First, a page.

WIRELESS INFRASTRUCTURE

  • 06/20/2018
    7:00 AM
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CBRS: What WLAN Pros Need to Know

Lee Badman talks with Dave Wright, president of the CBRS Alliance, to find out the latest developments with the emerging small-cell technology.

Citizens Broadband Radio Service (CBRS) has been around for a while, but adoption has been slow. With a fresh certification program, a new organization behind it, and renewed promise for the future, it’s time to take another look at this 3.5 GHz small-cell technology.

I recently caught up with my esteemed colleague Dave Wright of Ruckus Wireless (now an Arris company), who also happens to be the president of the new CBRS Alliance. The alliance, much like the Wi-Fi Alliance, is both cheerleader and product certification body for products that fall under CBRS. Wright has been a CBRS champion and technical guru since the tech emerged. Here's what he said about the latest CBRS developments.

Badman: What is the new CBRS Alliance’s role? Cheerleader? Standards body? Interoperability testing? How analogous is it to the Wi-Fi Alliance?

Wright: The Alliance is seeking to do all those things. We want to evangelize OnGo LTE solutions in the CBRS band, develop technical specifications where needed to enable those solutions, and ensure interoperability between OnGo certified products. To that extent, I think there is a good deal of comparison to the Wi-Fi Alliance’s mission in relation to 802.11 technologies.

LB: What should WLAN pros know about CBRS?

DW: CBRS is one of the next big things in wireless LANs, along with .11ax. It opens up the world of LTE to the enterprise and industrial markets, and to the WLAN professionals who serve those markets. LTE solutions in CBRS can be used to meet the internal, private, connectivity needs of an organization, especially for mission-critical applications where the predictable nature of the spectrum and the robustness of LTE combine to offer a highest quality wireless service to complement the existing WiFi networks operating in 2.4 and 5 GHz. Additionally, those same networks can be made available to the subscribers of the mobile operators via neutral host technologies being defined in the CBRS Alliance. The mobile operators are obviously very familiar with LTE; this allows them to provide better in building service for their subscribers without having to build out those networks themselves.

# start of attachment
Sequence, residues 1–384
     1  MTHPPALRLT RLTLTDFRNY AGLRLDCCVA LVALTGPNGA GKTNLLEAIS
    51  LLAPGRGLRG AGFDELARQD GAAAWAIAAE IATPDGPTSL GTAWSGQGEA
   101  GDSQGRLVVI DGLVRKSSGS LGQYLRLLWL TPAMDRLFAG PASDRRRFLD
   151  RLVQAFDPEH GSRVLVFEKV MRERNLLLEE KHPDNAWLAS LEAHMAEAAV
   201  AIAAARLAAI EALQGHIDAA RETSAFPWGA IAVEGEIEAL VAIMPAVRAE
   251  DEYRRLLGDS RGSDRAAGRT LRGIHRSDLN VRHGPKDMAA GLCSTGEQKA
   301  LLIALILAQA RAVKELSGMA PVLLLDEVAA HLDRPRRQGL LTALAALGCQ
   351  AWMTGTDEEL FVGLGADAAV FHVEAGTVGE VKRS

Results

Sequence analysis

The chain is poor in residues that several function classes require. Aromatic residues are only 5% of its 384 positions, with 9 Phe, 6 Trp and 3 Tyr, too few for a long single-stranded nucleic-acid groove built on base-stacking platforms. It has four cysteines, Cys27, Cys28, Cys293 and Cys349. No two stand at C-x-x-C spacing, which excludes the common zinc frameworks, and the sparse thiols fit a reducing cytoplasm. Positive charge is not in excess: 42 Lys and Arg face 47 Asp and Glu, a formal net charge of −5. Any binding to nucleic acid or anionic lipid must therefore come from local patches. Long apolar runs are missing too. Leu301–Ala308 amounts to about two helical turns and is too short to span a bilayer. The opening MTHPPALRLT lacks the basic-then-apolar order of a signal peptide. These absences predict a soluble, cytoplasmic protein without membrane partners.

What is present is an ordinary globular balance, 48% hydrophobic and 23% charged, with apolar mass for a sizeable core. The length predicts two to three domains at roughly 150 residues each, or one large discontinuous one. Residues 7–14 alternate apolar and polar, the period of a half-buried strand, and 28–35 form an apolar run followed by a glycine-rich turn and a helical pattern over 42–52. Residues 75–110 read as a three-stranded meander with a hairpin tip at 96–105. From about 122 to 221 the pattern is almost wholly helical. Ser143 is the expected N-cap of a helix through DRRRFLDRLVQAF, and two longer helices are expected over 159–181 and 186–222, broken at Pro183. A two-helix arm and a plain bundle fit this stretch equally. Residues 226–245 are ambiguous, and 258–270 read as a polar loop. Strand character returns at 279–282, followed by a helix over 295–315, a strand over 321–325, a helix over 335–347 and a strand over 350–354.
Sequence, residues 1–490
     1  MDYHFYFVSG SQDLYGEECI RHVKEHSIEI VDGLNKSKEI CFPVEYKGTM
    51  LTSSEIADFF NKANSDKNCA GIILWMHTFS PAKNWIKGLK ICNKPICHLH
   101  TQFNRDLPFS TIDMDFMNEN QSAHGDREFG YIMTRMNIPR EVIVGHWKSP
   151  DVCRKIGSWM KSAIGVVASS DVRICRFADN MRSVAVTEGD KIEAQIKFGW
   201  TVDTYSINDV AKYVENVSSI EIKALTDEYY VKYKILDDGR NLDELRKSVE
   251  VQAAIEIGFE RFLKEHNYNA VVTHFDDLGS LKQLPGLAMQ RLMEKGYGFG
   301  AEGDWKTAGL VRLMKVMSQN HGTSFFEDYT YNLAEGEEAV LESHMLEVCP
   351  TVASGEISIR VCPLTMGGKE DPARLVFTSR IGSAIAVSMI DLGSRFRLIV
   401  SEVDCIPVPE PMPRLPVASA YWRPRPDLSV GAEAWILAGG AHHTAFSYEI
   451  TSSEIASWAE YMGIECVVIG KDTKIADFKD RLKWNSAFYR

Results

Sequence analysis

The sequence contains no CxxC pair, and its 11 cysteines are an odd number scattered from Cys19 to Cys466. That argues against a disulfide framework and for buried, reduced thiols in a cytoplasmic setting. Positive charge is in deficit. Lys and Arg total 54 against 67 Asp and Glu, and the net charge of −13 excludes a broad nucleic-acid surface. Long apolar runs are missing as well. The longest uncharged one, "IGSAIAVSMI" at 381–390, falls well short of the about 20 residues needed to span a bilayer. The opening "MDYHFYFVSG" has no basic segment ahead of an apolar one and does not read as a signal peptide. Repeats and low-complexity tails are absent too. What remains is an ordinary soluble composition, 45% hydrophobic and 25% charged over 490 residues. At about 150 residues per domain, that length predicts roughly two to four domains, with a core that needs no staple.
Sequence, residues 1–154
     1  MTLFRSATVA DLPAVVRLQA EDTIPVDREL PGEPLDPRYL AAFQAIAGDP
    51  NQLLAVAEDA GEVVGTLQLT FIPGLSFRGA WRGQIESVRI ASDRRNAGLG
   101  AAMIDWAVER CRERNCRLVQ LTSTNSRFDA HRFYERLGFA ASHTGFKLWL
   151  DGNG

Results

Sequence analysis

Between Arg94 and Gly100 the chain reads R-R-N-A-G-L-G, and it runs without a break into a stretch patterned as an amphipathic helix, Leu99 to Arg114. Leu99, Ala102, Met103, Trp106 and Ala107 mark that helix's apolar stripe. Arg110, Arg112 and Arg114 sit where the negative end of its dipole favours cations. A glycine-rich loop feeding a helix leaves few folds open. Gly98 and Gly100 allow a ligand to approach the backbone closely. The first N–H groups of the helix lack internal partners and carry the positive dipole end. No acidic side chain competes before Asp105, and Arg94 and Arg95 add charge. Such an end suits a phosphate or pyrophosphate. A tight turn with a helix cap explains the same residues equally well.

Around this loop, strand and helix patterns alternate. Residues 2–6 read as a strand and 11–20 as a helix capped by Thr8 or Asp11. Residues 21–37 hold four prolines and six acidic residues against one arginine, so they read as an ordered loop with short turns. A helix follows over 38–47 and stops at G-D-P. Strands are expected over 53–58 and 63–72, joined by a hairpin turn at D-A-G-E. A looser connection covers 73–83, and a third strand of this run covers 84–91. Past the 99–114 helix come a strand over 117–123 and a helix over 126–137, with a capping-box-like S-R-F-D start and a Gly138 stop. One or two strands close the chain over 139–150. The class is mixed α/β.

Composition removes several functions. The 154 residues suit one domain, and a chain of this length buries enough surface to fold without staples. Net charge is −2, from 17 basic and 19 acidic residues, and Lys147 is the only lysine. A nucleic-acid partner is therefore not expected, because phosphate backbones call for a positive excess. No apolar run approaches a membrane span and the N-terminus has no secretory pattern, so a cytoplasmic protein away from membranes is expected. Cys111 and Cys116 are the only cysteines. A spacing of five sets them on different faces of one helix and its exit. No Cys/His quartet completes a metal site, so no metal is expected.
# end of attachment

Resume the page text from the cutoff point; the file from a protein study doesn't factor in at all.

LB: Sounds promising, but why do I care as a WLAN professional?

DW: CBRS also creates a role for the WLAN professional to provide the installation services. This is because each CBRS Access Point/eNode-B -- a “CBSD” -- must report its location to the Spectrum Access System (SAS) when it registers. The FCC requires that CBSDs must be able to either self-determine their location to a relatively high level of accuracy or be professionally installed. This has led to the creation of a Certified Professional Installer (CPI) program by the Wireless Innovation Forum -- WInnForum, which has created the requirements, specifications, and protocols to operationalize the CBRS framework at a ‘radio agnostic’ level. The CPI services are a natural extension of the typical design, deploy, and monitor services that are offered by many WiFi systems integrators today, and which apply equally well to CBRS-based LTE solutions.

As the cellular industry shifts to focus on network densification with lower-power small cells, especially indoors, there will be growing demand for wireless professionals who understand and can apply small cell-design principles, and who have domain knowledge of the enterprise and industrial markets – and the specific vertical sectors within those broad categories.

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(Image: geralt/Pixabay)

LB: More opportunities for us to expand our services is good. But, when will it really matter?

DW: People should be paying attention to this now. There have been a number of significant milestones in the last month: the CBRS Alliance launched the OnGo certification program, the FCC issued an order on Dynamic Protection Areas (DPAs), and WInnForum released the SAS test code and test harness. These are all lead ups to commercial service in the band, and there will be a number of additional announcements over the summer. Things are really picking up in anticipation of mainstream commercial launch.

There have also been a number of recent industry announcements, including some from companies like Verizon and Charter, talking about their plans for the band and their expectations for client devices that will support Band48 -- the 3GPP band definition for CBRS. I suggest folks review the latest webinar recordings from the WInnForum and CBRS Alliance to get up to speed.

LB: Will CBRS become something that Joe Average (non-techie) is aware of?

DW: Joe Average may never become aware of “CBRS”, but the alliance is working hard to make them aware of “OnGo,” which is the end-user focused brand that we launched last month…The hope is that “OnGo” will become as familiar to people as “Wi-Fi” is today.

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